The constitution guarantees freedom of expression. Several private daily and weekly publications criticize both the ruling and opposition parties, but the state-owned Mauritius Broadcasting Corporation’s radio and television services generally reflect government viewpoints. A small number of private radio stations compete with the state-run media. In 2012, the editor of the Sunday Times, Imran Hosany, was arrested and charged with outraging public and religious morality after publishing photographs of the dead body of a murdered tourist; in May 2013, Hosany was convicted and fined Rs 50,000 ($1,600). The internet is available and unrestricted by the government.

Religious and academic freedoms are respected.

 

E. Associational and Organizational Rights: 12 / 12

Freedoms of assembly and association are honored, though police have occasionally used excessive force in response to riots. There are more than 300 unions in Mauritius. However, tens of thousands of foreign workers employed in export processing zones suffer from poor living and working conditions, and their employers are reportedly hostile to unions. In September 2013, striking Bangladeshi textile workers demanding better working conditions clashed with riot police. Subsequently, the minister of labor issued a moratorium on visas for foreign construction workers.

 

F. Rule of Law: 13 / 16

The generally independent judiciary, headed by the Supreme Court, administers a legal system that combines French and British traditions and is considered transparent and nondiscriminatory. Mauritius has maintained the right of appeal to the Privy Council in London. Civil rights are largely respected, though individual cases of police brutality have been reported. Various ethnic cultures and traditions coexist peacefully, and constitutional prohibitions against discrimination are generally upheld. However, Mauritian Creoles—descendants of African slaves who comprise about a third of the population—are culturally and economically marginalized. Tensions between the Hindu majority and Muslim minority persist. In a 2011 report, the Truth and Justice Commission (TJC)—established to examine the country’s history of slavery and indentured labor—recommended measures to encourage national reconciliation, such as promoting increased economic and political participation by non-Hindu Mauritians. Although in 2012 the chair of the ministerial committee of the TJC expressed disappointment that only 3 of the 19 measures recommended for immediate implementation had been adopted, the prime minister claimed that all 19 measures were being implemented as of September 2013.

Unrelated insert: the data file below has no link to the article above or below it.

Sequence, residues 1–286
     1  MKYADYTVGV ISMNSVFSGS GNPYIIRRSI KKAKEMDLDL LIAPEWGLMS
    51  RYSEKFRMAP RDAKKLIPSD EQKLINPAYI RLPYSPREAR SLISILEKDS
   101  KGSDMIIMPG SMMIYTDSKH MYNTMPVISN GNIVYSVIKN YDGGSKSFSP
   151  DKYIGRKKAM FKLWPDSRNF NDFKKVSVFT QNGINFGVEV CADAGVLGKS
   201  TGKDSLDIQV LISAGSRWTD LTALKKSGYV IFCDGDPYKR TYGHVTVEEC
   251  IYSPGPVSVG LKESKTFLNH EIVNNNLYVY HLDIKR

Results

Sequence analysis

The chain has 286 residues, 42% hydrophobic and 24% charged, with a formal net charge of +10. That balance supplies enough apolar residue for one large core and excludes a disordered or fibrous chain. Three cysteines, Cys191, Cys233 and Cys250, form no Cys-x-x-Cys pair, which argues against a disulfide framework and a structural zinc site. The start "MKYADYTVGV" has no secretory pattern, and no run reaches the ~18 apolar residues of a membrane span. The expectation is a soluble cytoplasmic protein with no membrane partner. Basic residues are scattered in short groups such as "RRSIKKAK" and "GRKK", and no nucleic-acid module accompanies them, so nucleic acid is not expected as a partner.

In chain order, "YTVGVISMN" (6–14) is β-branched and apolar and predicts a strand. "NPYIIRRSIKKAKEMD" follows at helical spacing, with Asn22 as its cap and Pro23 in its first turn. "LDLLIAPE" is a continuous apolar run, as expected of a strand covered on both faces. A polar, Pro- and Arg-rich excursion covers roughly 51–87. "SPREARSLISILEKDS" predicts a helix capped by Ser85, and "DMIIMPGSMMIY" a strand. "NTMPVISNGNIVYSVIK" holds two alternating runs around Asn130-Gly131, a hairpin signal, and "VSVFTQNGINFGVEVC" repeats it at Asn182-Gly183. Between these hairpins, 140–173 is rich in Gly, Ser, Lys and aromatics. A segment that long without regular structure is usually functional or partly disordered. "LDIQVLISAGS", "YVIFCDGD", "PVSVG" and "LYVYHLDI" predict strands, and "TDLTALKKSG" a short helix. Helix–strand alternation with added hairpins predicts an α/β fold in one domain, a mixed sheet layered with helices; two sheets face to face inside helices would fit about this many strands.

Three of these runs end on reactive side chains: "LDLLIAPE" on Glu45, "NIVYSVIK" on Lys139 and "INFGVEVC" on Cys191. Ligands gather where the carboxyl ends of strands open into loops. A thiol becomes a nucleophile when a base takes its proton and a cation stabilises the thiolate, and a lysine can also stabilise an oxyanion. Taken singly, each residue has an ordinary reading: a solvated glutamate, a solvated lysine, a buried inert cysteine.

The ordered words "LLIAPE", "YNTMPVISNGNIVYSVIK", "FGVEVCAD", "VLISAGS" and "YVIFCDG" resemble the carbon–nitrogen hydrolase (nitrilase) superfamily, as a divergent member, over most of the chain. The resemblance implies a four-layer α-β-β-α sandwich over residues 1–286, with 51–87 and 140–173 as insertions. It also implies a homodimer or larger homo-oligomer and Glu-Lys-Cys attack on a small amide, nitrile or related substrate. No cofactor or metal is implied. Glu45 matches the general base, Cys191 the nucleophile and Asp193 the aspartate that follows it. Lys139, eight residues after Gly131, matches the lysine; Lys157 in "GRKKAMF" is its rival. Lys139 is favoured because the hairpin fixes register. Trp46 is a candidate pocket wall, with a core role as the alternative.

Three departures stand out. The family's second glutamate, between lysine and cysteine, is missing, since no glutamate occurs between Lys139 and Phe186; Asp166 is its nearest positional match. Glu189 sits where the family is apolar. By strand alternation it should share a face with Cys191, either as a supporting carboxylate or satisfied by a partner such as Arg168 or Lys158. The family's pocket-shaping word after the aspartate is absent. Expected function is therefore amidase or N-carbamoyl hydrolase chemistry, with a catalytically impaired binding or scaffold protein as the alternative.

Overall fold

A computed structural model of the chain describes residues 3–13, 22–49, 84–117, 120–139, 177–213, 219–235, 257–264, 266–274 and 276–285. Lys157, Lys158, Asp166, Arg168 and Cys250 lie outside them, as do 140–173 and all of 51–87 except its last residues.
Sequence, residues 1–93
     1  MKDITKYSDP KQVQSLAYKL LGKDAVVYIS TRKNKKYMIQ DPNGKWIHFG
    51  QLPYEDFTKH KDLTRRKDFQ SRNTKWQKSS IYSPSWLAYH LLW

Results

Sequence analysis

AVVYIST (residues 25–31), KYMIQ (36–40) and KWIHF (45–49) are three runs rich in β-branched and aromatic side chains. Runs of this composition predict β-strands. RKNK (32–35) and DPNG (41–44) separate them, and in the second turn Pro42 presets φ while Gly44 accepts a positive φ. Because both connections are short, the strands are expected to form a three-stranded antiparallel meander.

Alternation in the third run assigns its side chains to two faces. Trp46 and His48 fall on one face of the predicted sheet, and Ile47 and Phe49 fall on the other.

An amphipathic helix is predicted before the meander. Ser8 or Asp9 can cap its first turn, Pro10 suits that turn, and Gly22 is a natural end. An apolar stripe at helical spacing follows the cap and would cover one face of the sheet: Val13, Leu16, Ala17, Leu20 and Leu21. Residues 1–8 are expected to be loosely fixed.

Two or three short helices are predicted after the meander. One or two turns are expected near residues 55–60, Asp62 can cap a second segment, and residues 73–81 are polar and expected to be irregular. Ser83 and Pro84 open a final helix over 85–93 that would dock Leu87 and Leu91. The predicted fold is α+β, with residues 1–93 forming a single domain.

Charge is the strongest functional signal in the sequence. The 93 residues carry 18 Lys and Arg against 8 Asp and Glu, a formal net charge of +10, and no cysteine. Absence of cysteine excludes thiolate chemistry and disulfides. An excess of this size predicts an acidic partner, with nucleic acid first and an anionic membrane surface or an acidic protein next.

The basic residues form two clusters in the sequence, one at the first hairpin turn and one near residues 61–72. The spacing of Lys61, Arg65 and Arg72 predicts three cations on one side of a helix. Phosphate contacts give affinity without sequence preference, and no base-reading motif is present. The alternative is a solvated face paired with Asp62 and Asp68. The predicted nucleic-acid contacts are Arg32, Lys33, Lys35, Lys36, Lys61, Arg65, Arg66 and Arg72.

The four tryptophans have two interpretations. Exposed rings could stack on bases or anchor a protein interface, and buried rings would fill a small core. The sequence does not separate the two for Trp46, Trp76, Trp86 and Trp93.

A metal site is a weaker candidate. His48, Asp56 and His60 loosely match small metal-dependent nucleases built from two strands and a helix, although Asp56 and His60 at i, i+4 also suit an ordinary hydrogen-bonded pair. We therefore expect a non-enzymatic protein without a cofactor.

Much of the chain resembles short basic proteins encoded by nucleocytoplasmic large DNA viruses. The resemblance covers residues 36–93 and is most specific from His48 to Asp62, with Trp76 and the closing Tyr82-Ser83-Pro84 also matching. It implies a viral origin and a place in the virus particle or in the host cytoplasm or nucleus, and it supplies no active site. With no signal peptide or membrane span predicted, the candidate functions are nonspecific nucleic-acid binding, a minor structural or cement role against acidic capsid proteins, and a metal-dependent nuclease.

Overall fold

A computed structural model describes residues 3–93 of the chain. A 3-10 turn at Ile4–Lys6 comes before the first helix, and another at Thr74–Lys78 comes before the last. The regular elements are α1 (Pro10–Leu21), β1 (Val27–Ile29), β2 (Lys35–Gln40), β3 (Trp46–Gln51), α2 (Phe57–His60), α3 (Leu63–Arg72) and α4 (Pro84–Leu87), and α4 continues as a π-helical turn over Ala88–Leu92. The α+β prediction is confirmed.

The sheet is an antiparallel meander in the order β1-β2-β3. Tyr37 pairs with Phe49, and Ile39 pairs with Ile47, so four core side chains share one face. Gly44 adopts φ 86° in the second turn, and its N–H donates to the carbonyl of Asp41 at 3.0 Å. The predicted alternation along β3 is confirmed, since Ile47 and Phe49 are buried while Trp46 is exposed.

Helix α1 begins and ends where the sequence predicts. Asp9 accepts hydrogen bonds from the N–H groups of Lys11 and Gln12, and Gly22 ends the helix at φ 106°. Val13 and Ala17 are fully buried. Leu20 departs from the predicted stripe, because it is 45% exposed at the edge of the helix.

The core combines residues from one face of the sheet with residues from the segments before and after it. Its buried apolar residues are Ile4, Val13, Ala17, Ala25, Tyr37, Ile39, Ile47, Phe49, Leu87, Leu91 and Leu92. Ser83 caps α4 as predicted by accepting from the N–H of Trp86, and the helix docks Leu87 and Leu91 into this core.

G. Personal Autonomy and Individual Rights: 12 / 16

Women comprise about 36 percent of the labor force, but they receive less compensation than men for similar work. Women hold only 13 seats in the National Assembly and 2 cabinet posts. A 2012 gender quota law mandates that at least one-third of candidates in local elections be women, and women’s representation at the local government level is 26 percent. However, Prime Minister Ramgoolam’s plan to extend the quota to the national parliament for the 2015 elections has yet to be approved. Rape and domestic violence remain major concerns.

“Sodomy” is officially illegal, but the 2008 Equal Opportunities Act prohibits employment discrimination based on sexual orientation. Faced with a complaint to the Equal Opportunities Commission, in October 2013 the Ministry of Health removed a controversial measure requiring blood donors to report their sexual orientation. Attacks on the elderly are a growing problem: the Elderly Persons Protection Unit reported 544 cases of abuse from January to August 2013, up from 726 cases in 2012.
 

Scoring Key: X / Y (Z)

X = Score Received

Y = Best Possible Score

Z = Change from Previous Year

Full Methodology